quotesThis sobering report shows that angiotensin blockade, long postulated to protect the heart from trastuzumab-related cardiomyopathy did not do so in a placebo-controlled randomized trial. The angiotensin II antagonist candesartan did not lower the primary endpoint - rate of ejection fraction drop of more than 15% or a decrease below the absolute value 45% in a Dutch study of 206 patients receiving adjuvant trastuzumab and anthracycline/taxane-based chemotherapy. In fact, there were more events in the candesartan group, but not statistically significant. However, in a smaller study present at San Antonio in 2015 (MANTICORE Trial), both angiotensin converting enzyme inhibitor perindopril and beta blocker bisoprolol lowered the number of patients who had to discontinue trastuzumab due to EF drops, but did not significantly change EF drop itself. Further studies targeting more vulnerable patients (either genetic predisposition, which remains a subject of study, or those who are older or with low-normal EFs) are needed. These should probably include the intervention during all of the chemotherapy phase including anthracycline (which was not the case in either of the studies described). We have to remember that late cardiac events from trastuzumab exposure are still possible as we have just passed the 10th anniversary of its approval in the adjuvant setting. In addition, 5-20% may not complete therapy due to transient subclinical cardiac dysfunction, and of the rarer patients who develop clinical cardiomyopathy, up to a quarter do not recover. quotes

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Meet the Editorial Board

Community Oncology
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Dean Gesme, MD

FACP FACPE FASCO President, Minnesota Oncology...

Breast Cancer
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Debu Tripathy, MD

Professor and Chair, Department of Breast Medical Oncol...

Lung Cancer
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H. Jack West, MD

Medical Director, Thoracic Oncology Program, Swedish Ca...

Gastrointestinal Cancers
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Howard S. Hochster, MD

Associate Cancer Center Director, Yale Cancer Center P...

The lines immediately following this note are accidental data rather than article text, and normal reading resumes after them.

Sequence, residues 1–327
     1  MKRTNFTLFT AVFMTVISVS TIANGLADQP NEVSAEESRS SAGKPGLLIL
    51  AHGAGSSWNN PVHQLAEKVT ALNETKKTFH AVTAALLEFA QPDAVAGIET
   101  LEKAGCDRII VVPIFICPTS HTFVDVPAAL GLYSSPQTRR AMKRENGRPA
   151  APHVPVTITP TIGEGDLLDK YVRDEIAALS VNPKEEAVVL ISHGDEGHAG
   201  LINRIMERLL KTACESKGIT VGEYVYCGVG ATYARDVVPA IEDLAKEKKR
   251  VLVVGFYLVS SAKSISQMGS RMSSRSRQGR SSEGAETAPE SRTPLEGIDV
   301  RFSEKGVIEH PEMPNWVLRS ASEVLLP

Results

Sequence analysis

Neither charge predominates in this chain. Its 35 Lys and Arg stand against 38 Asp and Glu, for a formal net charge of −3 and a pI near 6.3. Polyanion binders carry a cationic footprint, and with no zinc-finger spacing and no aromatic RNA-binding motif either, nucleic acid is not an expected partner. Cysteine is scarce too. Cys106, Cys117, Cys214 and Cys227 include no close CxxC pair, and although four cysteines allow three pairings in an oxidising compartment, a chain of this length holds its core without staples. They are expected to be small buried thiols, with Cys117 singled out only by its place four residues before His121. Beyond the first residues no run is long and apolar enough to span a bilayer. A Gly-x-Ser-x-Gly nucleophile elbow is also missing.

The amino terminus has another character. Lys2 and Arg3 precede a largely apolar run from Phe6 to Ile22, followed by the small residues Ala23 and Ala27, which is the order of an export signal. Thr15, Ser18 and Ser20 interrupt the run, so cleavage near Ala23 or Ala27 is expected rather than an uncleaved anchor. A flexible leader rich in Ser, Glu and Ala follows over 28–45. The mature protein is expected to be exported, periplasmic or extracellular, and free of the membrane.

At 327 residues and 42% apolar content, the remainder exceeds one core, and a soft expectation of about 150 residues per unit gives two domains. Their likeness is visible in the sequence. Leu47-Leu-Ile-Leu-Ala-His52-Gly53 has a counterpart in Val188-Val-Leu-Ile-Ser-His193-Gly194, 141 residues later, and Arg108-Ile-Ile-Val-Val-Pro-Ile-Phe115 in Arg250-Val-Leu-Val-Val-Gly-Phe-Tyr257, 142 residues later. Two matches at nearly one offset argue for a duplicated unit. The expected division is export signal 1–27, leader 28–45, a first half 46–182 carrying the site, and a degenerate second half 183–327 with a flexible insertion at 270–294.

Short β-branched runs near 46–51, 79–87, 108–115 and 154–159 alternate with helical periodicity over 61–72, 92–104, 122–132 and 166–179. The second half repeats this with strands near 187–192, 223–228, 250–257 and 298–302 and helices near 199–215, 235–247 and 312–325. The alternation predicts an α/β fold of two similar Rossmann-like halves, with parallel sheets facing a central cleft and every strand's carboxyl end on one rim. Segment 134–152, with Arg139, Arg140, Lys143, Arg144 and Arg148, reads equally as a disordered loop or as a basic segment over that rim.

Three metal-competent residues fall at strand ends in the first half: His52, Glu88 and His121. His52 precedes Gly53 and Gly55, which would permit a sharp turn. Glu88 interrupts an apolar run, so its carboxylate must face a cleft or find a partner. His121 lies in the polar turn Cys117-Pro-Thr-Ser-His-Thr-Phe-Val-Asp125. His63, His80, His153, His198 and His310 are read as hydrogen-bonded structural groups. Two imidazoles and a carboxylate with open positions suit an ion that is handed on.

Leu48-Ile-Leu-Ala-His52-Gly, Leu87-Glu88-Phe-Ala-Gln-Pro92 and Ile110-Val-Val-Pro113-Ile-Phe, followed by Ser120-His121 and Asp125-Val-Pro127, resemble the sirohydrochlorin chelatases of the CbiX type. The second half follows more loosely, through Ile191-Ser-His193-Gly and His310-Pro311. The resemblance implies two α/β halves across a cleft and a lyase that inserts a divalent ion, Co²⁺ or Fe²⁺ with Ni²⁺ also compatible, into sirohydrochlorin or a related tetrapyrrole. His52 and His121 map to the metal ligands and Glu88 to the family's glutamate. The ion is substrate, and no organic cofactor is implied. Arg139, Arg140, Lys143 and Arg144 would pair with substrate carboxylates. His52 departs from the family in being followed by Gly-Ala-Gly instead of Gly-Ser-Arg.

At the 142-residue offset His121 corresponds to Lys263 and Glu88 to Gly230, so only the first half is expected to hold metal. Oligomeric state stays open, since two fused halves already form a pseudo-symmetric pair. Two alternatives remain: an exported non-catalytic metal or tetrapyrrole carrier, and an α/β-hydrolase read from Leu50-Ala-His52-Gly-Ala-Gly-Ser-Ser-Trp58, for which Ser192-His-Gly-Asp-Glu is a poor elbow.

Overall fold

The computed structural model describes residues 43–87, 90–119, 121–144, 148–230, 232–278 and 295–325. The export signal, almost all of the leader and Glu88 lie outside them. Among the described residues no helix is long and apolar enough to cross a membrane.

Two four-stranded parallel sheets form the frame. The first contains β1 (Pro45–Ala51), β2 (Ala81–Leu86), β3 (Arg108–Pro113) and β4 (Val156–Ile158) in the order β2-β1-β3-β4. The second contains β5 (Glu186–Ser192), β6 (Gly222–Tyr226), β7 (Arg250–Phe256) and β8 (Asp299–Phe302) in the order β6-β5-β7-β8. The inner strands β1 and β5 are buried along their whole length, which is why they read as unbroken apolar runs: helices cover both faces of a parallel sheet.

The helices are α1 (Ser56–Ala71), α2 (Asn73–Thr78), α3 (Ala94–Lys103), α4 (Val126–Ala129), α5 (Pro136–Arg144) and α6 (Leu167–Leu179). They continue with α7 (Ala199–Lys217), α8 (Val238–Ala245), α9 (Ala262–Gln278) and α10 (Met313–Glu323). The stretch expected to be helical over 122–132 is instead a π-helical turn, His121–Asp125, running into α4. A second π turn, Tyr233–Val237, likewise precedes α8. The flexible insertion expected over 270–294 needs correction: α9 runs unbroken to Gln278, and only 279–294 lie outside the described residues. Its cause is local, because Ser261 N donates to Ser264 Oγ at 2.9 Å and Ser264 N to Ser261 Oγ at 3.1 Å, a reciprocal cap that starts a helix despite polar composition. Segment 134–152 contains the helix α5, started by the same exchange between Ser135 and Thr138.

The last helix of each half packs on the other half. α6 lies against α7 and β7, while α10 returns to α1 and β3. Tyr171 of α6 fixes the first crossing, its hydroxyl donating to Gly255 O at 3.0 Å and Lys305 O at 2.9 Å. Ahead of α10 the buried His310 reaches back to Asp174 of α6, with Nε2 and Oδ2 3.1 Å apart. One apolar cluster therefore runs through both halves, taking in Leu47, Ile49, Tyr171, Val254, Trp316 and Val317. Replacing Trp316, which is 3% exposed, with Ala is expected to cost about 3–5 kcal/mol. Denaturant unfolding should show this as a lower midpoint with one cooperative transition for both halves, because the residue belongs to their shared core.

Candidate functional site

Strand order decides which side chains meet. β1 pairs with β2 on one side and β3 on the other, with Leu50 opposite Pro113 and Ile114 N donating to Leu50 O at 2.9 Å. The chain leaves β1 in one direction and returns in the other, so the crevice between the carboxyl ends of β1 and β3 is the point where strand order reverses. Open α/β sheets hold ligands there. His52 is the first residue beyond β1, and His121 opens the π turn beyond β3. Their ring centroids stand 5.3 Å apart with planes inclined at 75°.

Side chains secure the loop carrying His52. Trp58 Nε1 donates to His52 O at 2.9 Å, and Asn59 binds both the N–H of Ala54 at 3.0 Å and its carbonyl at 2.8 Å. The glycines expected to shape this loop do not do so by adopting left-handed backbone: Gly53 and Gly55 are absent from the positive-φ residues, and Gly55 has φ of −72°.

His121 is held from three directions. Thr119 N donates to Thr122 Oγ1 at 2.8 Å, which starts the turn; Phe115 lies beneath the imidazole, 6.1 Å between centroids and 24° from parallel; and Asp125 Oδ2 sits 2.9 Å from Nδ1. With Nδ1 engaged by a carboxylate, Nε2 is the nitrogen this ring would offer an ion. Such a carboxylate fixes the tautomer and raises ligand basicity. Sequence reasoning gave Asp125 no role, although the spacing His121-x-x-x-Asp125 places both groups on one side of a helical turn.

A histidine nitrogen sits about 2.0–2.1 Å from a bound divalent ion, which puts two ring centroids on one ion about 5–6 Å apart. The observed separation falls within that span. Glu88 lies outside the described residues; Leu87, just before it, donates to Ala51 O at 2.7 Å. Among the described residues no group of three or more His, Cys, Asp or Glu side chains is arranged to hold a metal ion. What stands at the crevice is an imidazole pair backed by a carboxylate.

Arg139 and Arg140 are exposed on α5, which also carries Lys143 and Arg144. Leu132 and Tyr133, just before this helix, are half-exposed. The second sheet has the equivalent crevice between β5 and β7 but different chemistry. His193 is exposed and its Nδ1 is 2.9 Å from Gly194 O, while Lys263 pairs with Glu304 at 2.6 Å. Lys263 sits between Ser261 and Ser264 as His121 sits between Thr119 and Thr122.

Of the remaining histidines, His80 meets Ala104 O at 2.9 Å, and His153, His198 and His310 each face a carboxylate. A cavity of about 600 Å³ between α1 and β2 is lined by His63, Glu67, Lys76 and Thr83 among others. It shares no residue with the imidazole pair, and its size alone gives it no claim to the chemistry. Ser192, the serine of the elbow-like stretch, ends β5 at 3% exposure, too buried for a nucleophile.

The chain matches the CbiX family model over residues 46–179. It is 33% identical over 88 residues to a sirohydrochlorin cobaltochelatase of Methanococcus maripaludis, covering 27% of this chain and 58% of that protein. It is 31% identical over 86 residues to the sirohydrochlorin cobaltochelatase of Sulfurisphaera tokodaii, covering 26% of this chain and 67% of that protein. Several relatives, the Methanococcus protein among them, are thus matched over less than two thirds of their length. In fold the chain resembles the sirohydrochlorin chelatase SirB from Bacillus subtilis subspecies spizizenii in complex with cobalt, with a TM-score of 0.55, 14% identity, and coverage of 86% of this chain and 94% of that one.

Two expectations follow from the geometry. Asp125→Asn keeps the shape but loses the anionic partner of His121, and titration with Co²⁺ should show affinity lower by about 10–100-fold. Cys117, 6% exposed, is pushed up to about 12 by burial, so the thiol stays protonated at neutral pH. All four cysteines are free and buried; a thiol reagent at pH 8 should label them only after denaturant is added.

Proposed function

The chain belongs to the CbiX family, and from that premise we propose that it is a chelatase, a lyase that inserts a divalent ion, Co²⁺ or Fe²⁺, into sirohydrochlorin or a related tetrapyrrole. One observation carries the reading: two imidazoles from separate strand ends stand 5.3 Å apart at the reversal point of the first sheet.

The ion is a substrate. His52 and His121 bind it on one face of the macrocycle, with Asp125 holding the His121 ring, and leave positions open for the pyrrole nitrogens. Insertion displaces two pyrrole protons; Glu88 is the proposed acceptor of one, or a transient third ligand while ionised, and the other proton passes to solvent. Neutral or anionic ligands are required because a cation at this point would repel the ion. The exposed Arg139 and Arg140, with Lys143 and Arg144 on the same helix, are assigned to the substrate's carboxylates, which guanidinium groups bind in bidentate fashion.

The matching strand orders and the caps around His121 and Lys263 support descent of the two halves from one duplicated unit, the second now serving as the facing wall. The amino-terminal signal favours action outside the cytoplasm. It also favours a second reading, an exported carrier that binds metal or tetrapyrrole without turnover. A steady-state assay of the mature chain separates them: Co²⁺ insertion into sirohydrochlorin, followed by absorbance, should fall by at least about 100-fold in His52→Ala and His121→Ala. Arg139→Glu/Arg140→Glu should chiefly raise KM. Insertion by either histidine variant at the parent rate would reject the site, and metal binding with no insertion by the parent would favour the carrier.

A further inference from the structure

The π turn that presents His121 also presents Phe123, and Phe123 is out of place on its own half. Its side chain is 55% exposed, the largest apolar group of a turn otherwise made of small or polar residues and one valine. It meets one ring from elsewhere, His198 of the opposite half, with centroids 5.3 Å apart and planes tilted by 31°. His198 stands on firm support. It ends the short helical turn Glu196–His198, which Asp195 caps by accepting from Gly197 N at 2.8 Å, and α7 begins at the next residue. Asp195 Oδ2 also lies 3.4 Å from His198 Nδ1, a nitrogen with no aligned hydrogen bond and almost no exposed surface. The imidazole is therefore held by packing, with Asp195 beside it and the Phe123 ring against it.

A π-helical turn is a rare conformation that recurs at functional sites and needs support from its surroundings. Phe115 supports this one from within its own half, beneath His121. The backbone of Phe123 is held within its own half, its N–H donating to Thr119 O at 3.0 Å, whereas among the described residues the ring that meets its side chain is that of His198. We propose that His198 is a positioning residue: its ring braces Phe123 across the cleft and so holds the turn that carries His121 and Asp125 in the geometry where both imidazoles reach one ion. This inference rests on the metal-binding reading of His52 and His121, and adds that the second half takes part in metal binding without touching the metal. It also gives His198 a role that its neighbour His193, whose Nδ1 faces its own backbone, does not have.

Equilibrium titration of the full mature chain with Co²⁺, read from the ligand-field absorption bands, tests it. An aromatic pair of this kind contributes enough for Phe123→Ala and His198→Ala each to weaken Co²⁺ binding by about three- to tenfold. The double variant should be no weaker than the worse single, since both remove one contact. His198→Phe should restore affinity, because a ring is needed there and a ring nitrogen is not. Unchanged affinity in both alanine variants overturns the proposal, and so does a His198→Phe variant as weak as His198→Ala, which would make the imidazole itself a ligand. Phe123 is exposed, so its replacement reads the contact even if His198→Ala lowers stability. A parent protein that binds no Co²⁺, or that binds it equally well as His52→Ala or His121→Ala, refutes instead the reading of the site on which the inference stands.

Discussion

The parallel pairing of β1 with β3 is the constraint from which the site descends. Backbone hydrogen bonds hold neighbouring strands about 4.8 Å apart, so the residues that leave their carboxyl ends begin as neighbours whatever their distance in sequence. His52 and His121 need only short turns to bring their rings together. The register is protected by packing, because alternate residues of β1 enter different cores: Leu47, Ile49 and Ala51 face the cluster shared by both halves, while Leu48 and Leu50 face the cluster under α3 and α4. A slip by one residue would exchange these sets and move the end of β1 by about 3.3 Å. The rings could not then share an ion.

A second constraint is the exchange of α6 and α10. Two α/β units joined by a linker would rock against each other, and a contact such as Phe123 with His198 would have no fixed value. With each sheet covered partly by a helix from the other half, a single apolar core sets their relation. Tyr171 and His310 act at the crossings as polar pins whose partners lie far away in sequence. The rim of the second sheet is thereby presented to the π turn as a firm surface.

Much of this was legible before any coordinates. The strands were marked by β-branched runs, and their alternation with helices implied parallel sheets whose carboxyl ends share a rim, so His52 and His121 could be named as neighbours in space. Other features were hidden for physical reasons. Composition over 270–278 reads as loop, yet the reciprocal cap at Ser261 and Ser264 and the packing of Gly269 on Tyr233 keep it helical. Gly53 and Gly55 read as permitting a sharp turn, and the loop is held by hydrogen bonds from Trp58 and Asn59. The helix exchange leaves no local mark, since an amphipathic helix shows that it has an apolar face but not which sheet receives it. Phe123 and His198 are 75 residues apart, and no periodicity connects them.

Radiation Oncology
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Howard Sandler, MD, MS, FASTRO

Ronald H. Bloom Chair in Cancer Therapeutics
Pr...

Community Oncology
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Jeff Patton, M.D.

CEO Tennessee Oncology...

Precision Medicine Section Editor
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Jennifer Levin Carter, MD, MPH

Chief Medical Officer and Founder, N-of-One...

Financial Sector
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Michael G. King Jr.

Managing Director and Senior Biotechnology Analyst...

Gastrointestinal Cancers
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Richard Goldberg, MD

Director WVU Cancer Institute Director of Cancer Signa...

Editor-In-Chief
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Robert A. Figlin, MD., FACP

Professor and Director, Division of Hematology Oncology...

Health Policy
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Ted Okon

Executive Director Community Oncology Alliance...

Community Oncology
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Thomas Marsland, MD

Vice President Integrated Community Oncology Network ...

Community Oncology
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William Harwin MD

Florida Cancer Specialists President and Managing Part...

Health Policy
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William McGivney, PhD

National Health Policy Expert...

Payer
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Winston Wong, PharmD

President, W-Squared Group...